A return trip aboard “Murder on the Orient Express”
The Sidney Lumet movie “Murder on the Orient Express” was a huge hit back in 1974. This morning, with Seth Doane as conductor, we have a ticket to a remake:
Whether it’s the baby grand piano, white table-cloths and fine china, or the art-deco details, it’s clear this is no ordinary train. It’s the Venice-Simplon Orient Express, made up of historic 1920s carriage reminiscent of the legendary train dating back to the 1800s, which transported passengers between Paris and Istanbul in very high style.
“It is incredible,” said James Pritchard. If his name is not recognizable, his great-grandmother’s certainly is: Agatha Christie.
“I probably feel as close to my great-grandmother at this point as I ever have,” Pritchard said. “You can feel what she must’ve felt.
An avid traveler, Christie was a regular on the Orient Express, which she called “the train of her dreams.”
Author Agatha Christie. PA WIRE / AP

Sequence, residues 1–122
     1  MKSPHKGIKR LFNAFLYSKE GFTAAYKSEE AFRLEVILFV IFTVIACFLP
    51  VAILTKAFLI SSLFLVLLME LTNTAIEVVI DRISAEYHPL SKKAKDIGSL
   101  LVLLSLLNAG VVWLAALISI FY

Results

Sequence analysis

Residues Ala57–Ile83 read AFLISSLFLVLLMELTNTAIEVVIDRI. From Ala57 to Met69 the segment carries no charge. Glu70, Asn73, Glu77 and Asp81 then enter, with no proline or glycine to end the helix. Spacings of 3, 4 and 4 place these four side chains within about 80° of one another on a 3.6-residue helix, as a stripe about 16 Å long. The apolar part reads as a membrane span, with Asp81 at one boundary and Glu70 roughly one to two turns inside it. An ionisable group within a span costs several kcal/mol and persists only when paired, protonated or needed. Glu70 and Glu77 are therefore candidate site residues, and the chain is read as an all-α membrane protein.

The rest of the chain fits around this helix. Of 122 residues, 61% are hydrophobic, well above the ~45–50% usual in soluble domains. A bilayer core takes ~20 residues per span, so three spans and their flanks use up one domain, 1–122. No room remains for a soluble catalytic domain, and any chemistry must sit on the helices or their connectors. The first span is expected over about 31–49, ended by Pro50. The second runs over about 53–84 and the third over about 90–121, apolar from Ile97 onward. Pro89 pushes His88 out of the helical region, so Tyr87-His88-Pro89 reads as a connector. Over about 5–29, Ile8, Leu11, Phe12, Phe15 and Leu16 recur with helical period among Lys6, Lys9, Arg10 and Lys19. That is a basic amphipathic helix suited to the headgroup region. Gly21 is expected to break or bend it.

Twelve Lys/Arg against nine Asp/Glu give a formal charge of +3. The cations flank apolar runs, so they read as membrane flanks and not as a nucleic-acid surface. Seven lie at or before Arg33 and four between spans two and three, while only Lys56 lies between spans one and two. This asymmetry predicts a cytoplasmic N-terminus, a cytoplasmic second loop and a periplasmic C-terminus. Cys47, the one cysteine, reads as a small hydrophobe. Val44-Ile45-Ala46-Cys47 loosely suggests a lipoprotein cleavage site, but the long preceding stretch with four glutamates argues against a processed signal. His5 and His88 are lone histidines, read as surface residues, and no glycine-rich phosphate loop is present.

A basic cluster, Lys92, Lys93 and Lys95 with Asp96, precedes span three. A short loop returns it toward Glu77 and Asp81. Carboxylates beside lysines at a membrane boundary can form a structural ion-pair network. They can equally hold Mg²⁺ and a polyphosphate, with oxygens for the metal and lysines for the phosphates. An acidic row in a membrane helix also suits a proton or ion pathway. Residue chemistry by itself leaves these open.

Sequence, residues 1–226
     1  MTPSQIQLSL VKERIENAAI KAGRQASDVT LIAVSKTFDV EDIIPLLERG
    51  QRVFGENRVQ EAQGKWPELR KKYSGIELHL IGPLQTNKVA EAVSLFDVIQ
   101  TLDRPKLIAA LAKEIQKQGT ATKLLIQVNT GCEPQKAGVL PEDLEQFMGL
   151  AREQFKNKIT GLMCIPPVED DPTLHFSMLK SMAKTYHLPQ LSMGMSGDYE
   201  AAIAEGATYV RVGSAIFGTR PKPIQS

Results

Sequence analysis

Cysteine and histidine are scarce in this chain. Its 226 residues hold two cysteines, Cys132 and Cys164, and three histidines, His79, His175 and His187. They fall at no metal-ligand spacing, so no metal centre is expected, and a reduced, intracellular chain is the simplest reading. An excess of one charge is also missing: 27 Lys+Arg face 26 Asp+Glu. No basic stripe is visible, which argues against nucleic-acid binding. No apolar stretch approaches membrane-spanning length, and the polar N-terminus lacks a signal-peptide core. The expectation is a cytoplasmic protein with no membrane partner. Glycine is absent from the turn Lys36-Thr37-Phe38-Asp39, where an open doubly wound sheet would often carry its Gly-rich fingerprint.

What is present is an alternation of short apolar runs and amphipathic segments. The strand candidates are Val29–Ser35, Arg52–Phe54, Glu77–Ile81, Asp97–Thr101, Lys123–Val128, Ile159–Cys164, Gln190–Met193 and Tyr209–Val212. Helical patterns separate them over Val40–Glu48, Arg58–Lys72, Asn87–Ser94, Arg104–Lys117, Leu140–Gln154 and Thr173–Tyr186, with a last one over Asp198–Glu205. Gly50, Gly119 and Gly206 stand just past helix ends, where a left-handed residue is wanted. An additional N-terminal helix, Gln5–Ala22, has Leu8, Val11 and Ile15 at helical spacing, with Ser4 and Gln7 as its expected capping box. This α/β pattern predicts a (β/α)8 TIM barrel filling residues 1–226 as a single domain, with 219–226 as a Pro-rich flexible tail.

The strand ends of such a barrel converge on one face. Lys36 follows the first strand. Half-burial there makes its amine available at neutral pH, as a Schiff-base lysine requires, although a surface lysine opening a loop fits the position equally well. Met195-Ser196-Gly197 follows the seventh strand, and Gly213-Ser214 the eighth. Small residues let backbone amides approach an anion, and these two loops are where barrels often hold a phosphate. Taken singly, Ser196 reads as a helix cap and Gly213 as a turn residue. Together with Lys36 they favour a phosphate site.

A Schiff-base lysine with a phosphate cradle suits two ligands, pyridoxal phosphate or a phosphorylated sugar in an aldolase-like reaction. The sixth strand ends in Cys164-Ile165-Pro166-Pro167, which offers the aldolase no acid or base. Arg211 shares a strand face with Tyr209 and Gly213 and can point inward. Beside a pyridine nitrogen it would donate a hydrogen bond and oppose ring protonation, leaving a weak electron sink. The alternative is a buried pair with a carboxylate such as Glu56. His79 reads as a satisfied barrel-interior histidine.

No wonder it was the setting for her most famous tale of murder.
Pritchard said, “I think when you walk along these carriages you can imagine the way of life. .You can kind of see how her imagination is developed. ”
Christie’s imagination and ability to paint pictures of her novels, 150+ short stories, and more than 20 plays.
Perhaps none is more beloved than “Murder on the Orient Express.” It has been told and re-told several times. Kenneth Branagh directs and stars in the latest film adaptation.
“She’s such a master at laying out, in this case, very, very fascinating, interesting group of characters,” Branagh said.
That made Branagh’s job of directing and casting the film all the more interesting.
He may be a towering figure in Hollywood, but he was dwarfed next to the hulking train he had built for his movie. “We want it very much to be away from friendly trains, you know, the world of Thomas the Tank Engine and all the rest of it,” Branagh said.